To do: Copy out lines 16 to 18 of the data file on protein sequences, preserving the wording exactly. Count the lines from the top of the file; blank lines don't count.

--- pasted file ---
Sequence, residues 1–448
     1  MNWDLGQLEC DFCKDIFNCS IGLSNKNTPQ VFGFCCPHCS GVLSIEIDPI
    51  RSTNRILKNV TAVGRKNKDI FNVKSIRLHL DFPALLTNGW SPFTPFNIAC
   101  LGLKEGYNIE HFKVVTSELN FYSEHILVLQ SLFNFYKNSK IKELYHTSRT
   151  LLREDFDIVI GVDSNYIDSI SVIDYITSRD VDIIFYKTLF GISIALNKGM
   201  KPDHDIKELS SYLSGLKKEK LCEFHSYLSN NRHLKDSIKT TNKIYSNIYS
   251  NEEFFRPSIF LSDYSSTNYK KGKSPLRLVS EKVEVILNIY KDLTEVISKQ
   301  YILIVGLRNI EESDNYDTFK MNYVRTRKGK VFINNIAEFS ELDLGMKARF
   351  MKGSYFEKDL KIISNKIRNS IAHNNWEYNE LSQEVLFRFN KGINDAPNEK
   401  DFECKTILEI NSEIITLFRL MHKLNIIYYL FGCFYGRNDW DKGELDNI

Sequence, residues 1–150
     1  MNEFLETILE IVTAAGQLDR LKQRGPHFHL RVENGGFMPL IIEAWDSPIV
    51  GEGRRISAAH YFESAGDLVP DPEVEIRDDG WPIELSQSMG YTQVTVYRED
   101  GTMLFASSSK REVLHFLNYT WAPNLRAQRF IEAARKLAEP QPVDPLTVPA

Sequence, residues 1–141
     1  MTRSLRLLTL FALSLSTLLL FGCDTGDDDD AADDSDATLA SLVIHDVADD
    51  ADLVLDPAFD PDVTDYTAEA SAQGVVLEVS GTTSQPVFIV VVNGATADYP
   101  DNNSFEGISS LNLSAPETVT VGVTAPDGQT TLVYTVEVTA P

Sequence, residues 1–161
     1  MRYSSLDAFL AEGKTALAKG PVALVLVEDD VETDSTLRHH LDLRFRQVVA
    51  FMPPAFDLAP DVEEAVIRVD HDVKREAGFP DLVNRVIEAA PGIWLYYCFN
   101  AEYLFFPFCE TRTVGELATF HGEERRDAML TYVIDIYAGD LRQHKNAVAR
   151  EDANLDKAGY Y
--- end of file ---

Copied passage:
     1  MTRSLRLLTL FALSLSTLLL FGCDTGDDDD AADDSDATLA SLVIHDVADD
    51  ADLVLDPAFD PDVTDYTAEA SAQGVVLEVS GTTSQPVFIV VVNGATADYP
   101  DNNSFEGISS LNLSAPETVT VGVTAPDGQT TLVYTVEVTA P